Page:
March 20, 2009

Finches Can Decide The Sex Of Their Offspring

A report in the journal Science says that female Gouldian finches "decide" to have more male chicks if they are less compatible with their mate, BBC News reported.

Finches with either red or black heads prefer to mate with males with the same head coloring, as this signifies a better genetic match, researchers said.

The study found that chicks from a mismatched mating - particularly the females - were weaker and more likely to die very early. The birds compensate for this by having more male chicks in their brood.

It seems as if the finches are able to judge if a mate is genetically compatible just by looking at its head.

Females that mate with a male with the same coloring lays eggs that hatch much healthier chicks, experts said.

If the female finches mate with a male that has a different head color, they select the sex of their offspring - giving their chicks a better chance of survival.

The sex of a bird egg is already determined before the male fertilizes it, according to Sarah Pryke, a biologist from Macquarie University in Sydney, who led this study.

She said some 70 percent of chicks are male when female finches mate with mismatched males"”a benefit for the birds, because male chicks from genetically mismatched parents are more likely to survive than females.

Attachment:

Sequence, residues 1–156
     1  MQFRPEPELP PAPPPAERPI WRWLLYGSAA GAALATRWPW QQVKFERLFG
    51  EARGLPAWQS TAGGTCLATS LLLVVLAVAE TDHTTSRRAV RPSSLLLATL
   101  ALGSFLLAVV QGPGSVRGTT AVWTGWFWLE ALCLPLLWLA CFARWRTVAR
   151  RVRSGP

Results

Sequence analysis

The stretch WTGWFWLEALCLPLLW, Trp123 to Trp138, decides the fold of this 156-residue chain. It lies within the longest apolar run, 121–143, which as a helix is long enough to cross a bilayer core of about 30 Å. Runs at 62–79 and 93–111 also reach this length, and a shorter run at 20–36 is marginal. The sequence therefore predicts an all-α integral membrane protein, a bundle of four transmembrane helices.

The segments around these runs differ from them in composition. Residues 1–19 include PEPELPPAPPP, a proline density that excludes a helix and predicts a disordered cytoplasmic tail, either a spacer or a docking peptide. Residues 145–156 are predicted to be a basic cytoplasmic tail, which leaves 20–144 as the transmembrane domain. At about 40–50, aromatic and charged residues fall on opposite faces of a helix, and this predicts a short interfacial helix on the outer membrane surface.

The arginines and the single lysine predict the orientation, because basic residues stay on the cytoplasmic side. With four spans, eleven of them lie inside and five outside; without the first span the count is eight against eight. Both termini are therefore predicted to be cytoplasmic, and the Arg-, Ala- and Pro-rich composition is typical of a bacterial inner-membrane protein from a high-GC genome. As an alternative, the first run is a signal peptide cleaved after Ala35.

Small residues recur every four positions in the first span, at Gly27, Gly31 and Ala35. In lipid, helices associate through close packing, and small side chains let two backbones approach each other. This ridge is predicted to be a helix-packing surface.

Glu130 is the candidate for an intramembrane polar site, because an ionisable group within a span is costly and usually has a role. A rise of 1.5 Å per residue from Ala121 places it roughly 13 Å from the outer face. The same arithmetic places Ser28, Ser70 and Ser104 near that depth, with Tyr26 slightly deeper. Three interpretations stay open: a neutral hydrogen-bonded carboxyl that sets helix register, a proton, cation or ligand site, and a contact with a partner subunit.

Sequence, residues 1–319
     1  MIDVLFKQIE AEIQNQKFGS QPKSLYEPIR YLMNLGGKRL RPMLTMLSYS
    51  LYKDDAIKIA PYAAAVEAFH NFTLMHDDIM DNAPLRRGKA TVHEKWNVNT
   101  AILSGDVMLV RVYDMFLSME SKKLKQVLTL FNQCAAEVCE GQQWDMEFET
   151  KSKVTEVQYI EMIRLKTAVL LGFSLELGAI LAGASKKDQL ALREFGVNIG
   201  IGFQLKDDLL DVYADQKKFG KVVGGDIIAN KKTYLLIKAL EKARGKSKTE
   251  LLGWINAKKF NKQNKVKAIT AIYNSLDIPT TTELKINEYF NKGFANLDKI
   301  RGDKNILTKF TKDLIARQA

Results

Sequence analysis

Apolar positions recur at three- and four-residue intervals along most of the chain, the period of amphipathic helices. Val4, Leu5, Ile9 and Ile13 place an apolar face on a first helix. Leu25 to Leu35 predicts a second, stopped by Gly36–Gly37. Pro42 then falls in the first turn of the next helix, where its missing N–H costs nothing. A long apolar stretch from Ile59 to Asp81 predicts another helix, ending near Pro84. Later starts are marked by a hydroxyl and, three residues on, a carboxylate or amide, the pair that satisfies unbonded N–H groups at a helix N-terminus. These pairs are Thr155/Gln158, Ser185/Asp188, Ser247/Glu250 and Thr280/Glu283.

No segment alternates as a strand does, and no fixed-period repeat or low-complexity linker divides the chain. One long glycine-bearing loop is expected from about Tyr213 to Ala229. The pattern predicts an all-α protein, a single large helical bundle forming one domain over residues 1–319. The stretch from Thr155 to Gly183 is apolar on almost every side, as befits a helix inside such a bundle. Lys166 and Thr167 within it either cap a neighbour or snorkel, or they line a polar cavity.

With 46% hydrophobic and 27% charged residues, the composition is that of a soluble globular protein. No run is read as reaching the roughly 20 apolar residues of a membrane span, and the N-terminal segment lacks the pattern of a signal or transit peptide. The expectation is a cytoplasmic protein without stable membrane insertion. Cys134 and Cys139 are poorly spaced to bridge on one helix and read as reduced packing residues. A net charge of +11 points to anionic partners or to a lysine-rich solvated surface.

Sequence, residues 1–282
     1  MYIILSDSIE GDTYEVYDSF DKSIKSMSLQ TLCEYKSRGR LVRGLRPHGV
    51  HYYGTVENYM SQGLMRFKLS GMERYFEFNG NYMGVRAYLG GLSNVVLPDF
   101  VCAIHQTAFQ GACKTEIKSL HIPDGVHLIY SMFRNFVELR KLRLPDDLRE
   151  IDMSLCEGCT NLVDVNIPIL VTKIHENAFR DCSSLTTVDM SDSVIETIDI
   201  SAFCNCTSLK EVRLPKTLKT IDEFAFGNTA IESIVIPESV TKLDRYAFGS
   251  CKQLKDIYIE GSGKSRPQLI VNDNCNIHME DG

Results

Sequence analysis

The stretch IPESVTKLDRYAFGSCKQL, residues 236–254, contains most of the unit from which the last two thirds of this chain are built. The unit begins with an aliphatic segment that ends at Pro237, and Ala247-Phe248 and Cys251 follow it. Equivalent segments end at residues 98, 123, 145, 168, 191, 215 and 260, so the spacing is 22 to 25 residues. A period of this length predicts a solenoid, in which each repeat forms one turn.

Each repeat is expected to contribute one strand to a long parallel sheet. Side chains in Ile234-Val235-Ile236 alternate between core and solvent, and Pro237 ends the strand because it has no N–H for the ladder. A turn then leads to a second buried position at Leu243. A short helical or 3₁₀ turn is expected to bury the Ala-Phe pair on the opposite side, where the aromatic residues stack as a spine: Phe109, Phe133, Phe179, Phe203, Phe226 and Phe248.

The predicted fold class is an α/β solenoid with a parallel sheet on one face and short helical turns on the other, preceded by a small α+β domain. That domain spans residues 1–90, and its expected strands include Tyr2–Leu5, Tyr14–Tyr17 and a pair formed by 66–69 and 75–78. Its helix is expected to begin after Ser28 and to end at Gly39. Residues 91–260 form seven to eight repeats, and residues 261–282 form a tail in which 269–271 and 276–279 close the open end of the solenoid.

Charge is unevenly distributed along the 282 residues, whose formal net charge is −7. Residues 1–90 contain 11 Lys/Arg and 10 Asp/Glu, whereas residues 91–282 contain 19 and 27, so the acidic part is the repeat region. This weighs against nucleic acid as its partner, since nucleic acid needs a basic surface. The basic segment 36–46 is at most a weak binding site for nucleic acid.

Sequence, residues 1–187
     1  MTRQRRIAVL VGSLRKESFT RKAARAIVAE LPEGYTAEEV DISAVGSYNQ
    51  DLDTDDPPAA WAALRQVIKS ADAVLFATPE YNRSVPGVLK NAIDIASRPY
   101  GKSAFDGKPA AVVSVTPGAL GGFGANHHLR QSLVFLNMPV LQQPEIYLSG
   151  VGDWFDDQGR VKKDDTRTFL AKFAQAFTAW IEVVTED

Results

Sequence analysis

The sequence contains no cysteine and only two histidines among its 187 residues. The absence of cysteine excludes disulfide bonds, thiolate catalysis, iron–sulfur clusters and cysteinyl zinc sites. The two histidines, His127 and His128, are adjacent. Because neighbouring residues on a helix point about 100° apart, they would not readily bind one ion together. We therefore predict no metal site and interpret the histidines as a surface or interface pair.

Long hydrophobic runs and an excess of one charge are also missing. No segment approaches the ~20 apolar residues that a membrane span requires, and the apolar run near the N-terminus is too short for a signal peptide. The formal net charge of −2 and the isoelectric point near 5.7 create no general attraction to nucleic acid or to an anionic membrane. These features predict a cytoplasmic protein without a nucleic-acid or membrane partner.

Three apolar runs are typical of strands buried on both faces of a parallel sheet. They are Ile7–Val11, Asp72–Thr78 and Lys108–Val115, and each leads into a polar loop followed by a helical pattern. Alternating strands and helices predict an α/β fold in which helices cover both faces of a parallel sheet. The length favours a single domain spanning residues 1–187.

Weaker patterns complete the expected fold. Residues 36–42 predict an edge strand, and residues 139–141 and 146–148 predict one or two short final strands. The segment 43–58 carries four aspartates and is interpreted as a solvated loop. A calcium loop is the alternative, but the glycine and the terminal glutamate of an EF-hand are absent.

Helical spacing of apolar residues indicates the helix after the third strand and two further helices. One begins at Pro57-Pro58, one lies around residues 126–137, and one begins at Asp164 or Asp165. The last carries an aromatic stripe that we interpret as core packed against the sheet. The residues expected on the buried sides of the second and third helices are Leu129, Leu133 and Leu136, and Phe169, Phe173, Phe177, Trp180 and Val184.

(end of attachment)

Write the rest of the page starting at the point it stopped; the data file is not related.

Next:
Pryke said it was amazing to think that the female herself has so much subconscious control over such a basic physiology.

Additionally, color-matched matings, which result in much healthier broods, always produce roughly equal numbers of male and female chicks.

"Females really don't want to mate with a male with a different head color. But there simply aren't enough compatible males, so later in the mating season they seem to use this control to make the best of a bad situation," Pryke said.

Pryke's study was even able to disguise some of the male finches to show that the "sex bias" is entirely controlled by the females.

The team used a non-toxic dye to blacken the head feathers of red males and paired them to both red and black females for breeding.

Pryke said it was actually quite hard to tell the experimentally blackened birds apart from natural black males.

The trick did confuse the birds, however, and researchers found that black females that mated with the "disguised" red males produced an equal ratio of male and female chicks.

Pryke called it the most extreme example of sex biasing that has been found. However, researchers are still unsure exactly how the birds select the sex of their eggs.

They said hormones might play a role, adding it was only a working hypothesis.

"It's now clear that the control is driven by the females," said Dr. Ruedi Nager, a biologist from Glasgow University who specializes in avian reproduction.

The female somehow recognizes the sex of the follicle [or egg cell] and selects it based on how much she likes the male, Nager told BBC News.

"Hopefully, this will reinvigorate the debate about how this works."


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